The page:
Improving My Business – The Small Business Challenge Part 4

Improving My Business – The Small Business Challenge Part 4
Monday, April 16th, 2012 Scott Bossart

            Last time I discussed the foundation blocks toward building the business management documents.  Transitioning your thoughts into documents can help both you and your business partners ensure you have thought of everything as well as form the foundation of managing the business.  Whether you are beginning the business or already rolling it takes only a short time to develop.  If you do not have these documents in hand, it is recommended you progress through them.  These are all that more important if you have multiple partners.  Ensuring all of the partners are functioning on the same platform, agenda, and expectations is paramount to your success.  In part 3, I wrote about the financial and marketing plans.  These are extremely important to ensure you can actually carryout the Business plan.  They will also support you when applying for funds with a financial institution.  In the end, it’s all about the risk factor and to how far you are willing to go with your vision.  Simply getting lucky doesn’t happen too often.

            This week I will start what I typically call some of the meat and potato’s….componentize the business.  This is where the internal details of the entire business are identified to a level that will provide adequate monitoring, tracking, and measuring for improvement and control.  Basically…you will build a puzzle to identify where the pieces fit, how they fit together, and what the internal picture actually looks like.  It will help you to understanding each component within the organization.  Some of the obvious components are things like stock materials, processing departments, packaging departments, fabrication, assembly, drywall, tiling, etc.  Not so obvious components can be things like project management, shipping, engineering, etc.  By determining the different components within the organization will allow you to perform many business related functions.  Reporting on efficiencies and effectiveness of each is crucial for determining improvement opportunities, gaps, and product or service dependencies with each component.  Other aspect of managing the business required a full understanding of each component is regarding pricing and quoting.  You cannot adequately establish a profitable price if you do not have a full understanding of each component, its function within the product or service, and economic effects for each one as things change both internally and externally to the business.  Of course this pricing can only be accurately achieved by determining the costs.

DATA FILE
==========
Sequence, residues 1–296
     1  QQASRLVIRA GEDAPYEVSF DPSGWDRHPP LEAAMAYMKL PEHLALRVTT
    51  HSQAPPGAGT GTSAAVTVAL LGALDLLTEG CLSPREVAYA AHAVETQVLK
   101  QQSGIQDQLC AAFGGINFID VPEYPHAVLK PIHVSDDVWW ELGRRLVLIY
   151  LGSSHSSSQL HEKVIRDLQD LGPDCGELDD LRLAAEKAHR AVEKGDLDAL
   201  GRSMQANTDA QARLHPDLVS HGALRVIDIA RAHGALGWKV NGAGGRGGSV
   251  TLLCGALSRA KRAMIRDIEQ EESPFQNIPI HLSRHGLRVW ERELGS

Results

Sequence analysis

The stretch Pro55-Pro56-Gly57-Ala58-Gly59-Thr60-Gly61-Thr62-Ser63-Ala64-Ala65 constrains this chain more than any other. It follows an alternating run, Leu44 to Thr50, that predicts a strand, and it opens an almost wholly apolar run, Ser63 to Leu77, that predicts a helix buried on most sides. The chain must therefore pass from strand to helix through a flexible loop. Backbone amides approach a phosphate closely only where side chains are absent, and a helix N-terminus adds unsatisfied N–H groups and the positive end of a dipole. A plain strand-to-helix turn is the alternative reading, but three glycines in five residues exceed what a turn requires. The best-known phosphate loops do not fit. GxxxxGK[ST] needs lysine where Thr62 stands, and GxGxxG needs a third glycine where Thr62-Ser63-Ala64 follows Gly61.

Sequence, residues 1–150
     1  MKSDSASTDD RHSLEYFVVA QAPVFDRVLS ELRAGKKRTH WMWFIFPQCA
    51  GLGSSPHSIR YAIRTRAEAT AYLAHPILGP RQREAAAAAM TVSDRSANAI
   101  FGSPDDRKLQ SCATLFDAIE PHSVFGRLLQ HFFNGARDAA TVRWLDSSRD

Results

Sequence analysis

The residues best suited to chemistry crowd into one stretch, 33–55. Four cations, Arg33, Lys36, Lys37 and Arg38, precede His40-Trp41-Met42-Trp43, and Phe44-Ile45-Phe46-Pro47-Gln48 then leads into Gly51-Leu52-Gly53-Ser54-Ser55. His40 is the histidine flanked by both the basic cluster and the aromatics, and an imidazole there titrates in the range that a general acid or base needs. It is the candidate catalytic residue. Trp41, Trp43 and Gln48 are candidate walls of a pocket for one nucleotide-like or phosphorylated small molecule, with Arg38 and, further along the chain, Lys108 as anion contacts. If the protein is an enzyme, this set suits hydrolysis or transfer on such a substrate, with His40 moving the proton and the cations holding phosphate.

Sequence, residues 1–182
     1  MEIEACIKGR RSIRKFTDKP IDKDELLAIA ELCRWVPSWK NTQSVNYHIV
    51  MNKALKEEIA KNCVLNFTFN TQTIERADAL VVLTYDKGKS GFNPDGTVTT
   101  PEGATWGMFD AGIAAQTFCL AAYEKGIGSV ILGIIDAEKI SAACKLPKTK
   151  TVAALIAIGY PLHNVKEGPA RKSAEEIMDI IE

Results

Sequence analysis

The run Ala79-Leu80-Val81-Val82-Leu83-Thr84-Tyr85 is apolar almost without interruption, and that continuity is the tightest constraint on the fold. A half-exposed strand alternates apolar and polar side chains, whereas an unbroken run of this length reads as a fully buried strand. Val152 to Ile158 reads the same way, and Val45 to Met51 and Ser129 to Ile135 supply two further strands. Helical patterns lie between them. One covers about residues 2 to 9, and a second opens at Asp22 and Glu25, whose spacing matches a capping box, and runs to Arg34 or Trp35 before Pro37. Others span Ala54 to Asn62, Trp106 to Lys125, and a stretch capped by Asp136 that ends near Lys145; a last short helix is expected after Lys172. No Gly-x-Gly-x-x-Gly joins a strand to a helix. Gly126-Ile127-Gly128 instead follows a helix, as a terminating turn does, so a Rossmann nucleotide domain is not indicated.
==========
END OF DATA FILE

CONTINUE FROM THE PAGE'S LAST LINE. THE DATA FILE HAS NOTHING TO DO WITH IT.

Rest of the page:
Costs are the one of, if the, most important aspect of each component to fully grasp and clearly understand.  Each component has an individual cost associated to it.  Determining the cost is easily done with relatively simple tracking methods.  Preferably, this tracking should be managed in a database of some sort that can handle each component separately and in an additive tracking method as well as potential report segregation.  Minimally, this should be done in Excel, I’ll write more later with this topic.  There are costs generally easy to determine with basic pieces such as labor time, maintenance costs (If you track it to an asset or area), operating supplies, etc.  Others costs are a bit harder regarding such things as utility usage, specific administrative, transportation, storage, materials from bulk storage areas, etc.  Determining these does not require specific detailed tracking by item so long as the accumulative is covered on an accumulative level.  These items should not be considered profit margin areas.  They are not your primary product or service, but do have a factor in achieving them.

      Establishing components that make up your product or service is extremely important if you ever hope to fully understand future efficiencies, effectiveness, economic impacts, and ultimately the profit margins.  Any possibility of tracking for improvements to reduce waste and excess costs can only be achieved with tracking each component.  Adjusting pricing structures and offerings against competition and market changes can only be achieved effectively by tracking each component.  It is extremely important to fully define each component within the organization if you ever hope to grow the business, transition the business, jointly run the business, and/or establish the value of current and future business worth.

Stay Well

Scott B.


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